By Michael Foster
Every so often, a CEF Insider subscriber asks if I see oil-related closed-end funds (CEFs) as solid income plays. You might be wondering the same, given the surge in oil prices aEUR"and oil stocksaEUR"since the start of 2019.
Today weaEURtmre going to answer that question. Along the way, weaEURtmll uncover an energy CEF you need to steer clear of, no matter how you feel about oil.
LetaEURtms start by making a quick run through history: what would have happened if you invested in energy CEFs over the last few years?
Source: CEF Insider
While the last three years have seen a decent average annualized return, and a negative return if you got in five years ago. Even that 7% average annualized return over 10 years isnaEURtmt great: the average US equity CEF returned 10.5% with a lot less volatility.
Still, a 22% jump in oil prices this year has plenty of folks either forgetting this history or turning a blind eye. ThataEURtms translated into some crazy market-price trends for energy CEFs. For instance, look at Tortoise Energy Independence ( NDP ): the discount to NAV it held in 2018 shot to an absurd premium in February, although itaEURtms cooled a bit recently:
An Overbought Energy CEF
Does NDP deserve a 7.6% premium? No way: its NAV has collapsed 35% since its 2012 inception, even if you include dividends:
A Portfolio in Free-Fall
Speaking o f dividends , this fund yields an absurd 21% today. But this is a warning sign because itaEURtms backed by the collapsing NAV we see above, which puts this dividend in serious danger of being cut.
But if NDP is a bust, does that mean we need to avoid all energy CEFs now? LetaEURtms answer that.
At first glance, the answer would seem to be no. After all, the average discount to NAV for all energy CEFs is 8.8%aEUR"pretty attractive compared to the historical average:
Discount Looks GoodaEUR"at First
Source: CEF Insider
But go a bit deeper and things donaEURtmt look so rosy.
LetaEURtms start with OPEC, which recently announced that it would need to continue its output cut till the end of the year. While that sounds bullish for oil prices, it actually isnaEURtmt, because American production has kept growing as a result of WTI oil futures being above $40 per barrel, the typical breakeven point for most US producers. This ongoing shift of oil production from the Middle East to North America will continue to limit OPECaEURtms ability to boost prices.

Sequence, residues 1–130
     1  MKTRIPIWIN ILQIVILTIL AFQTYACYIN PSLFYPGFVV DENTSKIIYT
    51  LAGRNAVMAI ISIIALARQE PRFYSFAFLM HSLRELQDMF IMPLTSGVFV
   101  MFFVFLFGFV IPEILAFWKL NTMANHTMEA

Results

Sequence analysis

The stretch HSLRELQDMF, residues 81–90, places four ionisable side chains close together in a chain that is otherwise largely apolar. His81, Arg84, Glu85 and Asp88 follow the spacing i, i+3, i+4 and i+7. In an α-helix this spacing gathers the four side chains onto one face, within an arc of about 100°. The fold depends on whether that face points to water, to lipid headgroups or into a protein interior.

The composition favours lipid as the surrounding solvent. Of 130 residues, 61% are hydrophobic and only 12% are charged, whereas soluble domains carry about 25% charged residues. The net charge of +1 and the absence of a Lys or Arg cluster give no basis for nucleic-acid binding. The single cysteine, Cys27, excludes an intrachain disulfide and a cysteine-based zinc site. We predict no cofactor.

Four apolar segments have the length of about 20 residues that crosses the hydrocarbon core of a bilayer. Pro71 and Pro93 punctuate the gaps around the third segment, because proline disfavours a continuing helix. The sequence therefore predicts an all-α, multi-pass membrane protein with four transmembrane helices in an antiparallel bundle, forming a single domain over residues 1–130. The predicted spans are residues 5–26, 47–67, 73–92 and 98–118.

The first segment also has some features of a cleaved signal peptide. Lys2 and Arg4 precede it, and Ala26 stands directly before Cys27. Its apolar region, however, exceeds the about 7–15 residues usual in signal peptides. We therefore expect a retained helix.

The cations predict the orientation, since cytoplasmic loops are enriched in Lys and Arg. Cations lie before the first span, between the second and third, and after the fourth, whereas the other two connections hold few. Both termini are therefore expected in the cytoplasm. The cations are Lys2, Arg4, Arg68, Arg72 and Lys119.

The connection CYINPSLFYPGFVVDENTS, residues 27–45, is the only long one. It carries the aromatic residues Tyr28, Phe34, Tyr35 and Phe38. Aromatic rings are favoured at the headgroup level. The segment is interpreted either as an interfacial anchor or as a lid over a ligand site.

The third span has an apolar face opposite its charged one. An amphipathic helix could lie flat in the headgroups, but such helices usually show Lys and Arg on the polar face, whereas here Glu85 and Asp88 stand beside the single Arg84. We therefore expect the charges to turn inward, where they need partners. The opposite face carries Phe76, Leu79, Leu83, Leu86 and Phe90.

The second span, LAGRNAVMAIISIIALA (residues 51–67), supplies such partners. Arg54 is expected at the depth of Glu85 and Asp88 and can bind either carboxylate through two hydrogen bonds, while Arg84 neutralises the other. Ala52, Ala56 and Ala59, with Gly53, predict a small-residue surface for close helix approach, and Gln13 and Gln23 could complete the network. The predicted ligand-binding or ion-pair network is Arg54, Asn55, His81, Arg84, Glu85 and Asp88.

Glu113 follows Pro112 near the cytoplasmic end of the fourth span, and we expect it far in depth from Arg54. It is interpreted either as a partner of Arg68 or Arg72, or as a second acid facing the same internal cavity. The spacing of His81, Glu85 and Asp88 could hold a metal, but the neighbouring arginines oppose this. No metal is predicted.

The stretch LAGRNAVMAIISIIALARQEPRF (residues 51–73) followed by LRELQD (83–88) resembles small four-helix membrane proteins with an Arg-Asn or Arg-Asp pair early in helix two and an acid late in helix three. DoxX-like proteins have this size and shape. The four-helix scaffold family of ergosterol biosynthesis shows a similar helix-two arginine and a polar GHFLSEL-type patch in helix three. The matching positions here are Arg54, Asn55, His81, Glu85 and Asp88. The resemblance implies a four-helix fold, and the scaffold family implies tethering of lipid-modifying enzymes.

So if the macro story isnaEURtmt looking great for oil, what about technicals? LetaEURtms look at those now:
Oil Locked in a Vise
There are clear resistance points between around $40.50 and $61.50, and, at $57, oil is now at the high end of that range.
This tells us is that oil is high but not obscenely high, and the chances of it going down are greater than the odds of it going up. A simpler way to put it: oil funds should be pricing in the probability of a drop in oil, not a rise.
If your fund is not pricing in a drop, and irrational exuberance has driven its market price far above its NAV, itaEURtms time to sell.
Right now, 53% of energy CEFs have year-to-date price gains above their NAV gains, and 30% have price gains just 3% below their NAV gains. Only two funds havenaEURtmt seen this kind of overdone price rise: the Kayne Anderson MLP/Midstream Investment Company ( KYN ) and the Kayne Anderson Midstream Energy Fund ( KMF ) , which have posted price gains 5% below their NAV gains.
This isnaEURtmt surprising, as Kayne Anderson tends to attract savvy investorsaEUR"but these funds have had some awful downturns when oil falls, so buying them now could expose you to those risks for as long as WTI sticks above $50.
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The views and opinions expressed herein are the views and opinions of the author and do not necessarily reflect those of NASDAQ, Inc.